SVGE’s Football Production Summit: much work still to be done in defining the 4K roadmap

IMG_0525In the final panel session of the 2014 SVG Europe Football Production Summit, industry leaders including Matthew Causon (AJA Video Systems), Paul Clennell (dock10), Thierry Pauwels (EVS) and Nicolas Deal (UEFA) mulled the likely roadmap for 4K beyond this summer’s footballing extravaganza.

Moderator Ken Kerschbaumer put it to the panel that although there was considerable excitement around the prospect of 4K, there were many lingering questions about distribution. Causon agreed, but encouraged delegates to remember that “we had the same problem with HD… six years ago there were probably about 85 definable standards. Everything eventually comes into line and I think we will see that happen with 4K over the next 5-6 years.”

He encouraged producers, standards teams and manufacturers alike to remember that “keeping the picture beautiful is really key as we go to larger screens. I was watching rugby on an 85-90” screen the other day and it really did not look good. When people are watching decent money to watch something like football, it really should be at the best possible quality.”

There is a general industry acceptance that higher frame rates are required for broadcasters to deliver 4K sport in a quality that will be acceptable to an increasingly discerning audience. Pauwels, for his part, highlighted the massive step-change ahead “in terms of bandwidth. That [encompasses] the processing side, taking care of transmission, then after the event also having to keep content at the speed it’s been produced [in storage]. It’s great to have more pixels, but they need to be taken care of throughout the whole chain.”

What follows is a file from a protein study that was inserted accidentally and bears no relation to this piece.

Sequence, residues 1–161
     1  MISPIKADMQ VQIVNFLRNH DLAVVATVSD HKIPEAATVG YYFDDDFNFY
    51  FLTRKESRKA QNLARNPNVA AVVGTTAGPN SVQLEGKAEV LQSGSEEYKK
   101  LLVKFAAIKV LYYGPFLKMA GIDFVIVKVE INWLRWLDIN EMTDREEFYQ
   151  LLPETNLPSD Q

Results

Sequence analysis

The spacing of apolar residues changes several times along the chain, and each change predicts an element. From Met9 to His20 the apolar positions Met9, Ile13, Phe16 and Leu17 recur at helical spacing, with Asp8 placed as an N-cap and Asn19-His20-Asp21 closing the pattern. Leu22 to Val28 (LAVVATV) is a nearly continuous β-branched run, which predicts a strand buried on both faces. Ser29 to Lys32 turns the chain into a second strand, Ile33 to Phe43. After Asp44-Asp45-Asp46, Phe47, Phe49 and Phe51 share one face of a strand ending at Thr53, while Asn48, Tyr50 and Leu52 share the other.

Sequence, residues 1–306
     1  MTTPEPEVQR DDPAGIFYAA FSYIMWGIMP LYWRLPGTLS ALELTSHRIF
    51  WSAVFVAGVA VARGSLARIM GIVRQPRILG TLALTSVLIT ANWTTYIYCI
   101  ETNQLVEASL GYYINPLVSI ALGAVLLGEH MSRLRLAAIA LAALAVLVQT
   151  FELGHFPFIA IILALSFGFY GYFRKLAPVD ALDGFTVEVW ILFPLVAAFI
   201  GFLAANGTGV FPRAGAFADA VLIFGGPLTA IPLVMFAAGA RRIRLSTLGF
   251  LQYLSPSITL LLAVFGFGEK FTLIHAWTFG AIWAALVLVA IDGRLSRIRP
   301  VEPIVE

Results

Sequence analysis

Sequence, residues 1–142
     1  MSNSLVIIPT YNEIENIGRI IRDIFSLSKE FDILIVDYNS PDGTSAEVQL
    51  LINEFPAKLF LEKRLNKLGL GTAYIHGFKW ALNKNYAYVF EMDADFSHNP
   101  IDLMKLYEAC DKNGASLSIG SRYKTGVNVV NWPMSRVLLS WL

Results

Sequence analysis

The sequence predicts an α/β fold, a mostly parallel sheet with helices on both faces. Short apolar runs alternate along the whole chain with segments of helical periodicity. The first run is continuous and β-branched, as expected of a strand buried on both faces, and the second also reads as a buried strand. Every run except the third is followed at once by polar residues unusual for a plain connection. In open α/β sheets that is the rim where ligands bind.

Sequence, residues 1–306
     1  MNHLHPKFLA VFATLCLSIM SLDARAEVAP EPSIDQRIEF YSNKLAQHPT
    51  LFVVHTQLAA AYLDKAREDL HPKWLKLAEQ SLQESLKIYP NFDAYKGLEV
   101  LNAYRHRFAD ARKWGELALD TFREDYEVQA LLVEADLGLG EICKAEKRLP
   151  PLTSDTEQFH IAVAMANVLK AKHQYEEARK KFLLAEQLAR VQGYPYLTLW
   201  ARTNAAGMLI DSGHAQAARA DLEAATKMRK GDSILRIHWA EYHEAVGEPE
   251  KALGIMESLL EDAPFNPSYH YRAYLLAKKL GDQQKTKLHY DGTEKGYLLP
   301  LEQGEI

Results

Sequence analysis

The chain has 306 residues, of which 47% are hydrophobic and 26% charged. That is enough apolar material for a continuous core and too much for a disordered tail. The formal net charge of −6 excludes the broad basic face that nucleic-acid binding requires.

In his own presentation, Clennell hinted at dock10’s own close interest in 4K, but urged the industry not to “bundle it together with 3D; I’ve noticed that they are often mentioned in the same breath. 3D was very much about a product, an output, that went down a tangent with a very specific role [in mind]. 4K, I think, has all kinds of applications: in production it can be a drive to quality, [including] the delivery of rushes that can be put into archive. For dock10, it’s great for drama, but I can also see it rolling out to live workflows and fast turnaround too. [On the other hand] I can’t see myself living in a house big enough to hold a 90” screen, so I am not convinced we will have [4K] in the house soon.”

Causon seemed more optimistic about the domestic outlook, reporting that “even on 32” screens customers can see the difference, but the question is whether you are willing to pay extra for it… do they perceive the benefit as being sufficient?”

But with Japan confirming its intention to broadcast 8K by 2020, could it be that any clarity the 4K message has acquired could soon be diminished? “We can talk about 8K, but we need to get it into the pipe and compress it [sufficiently first],” said Causon. “Until we can deliver 8K in the broadcast chain, it might be an academic question.”

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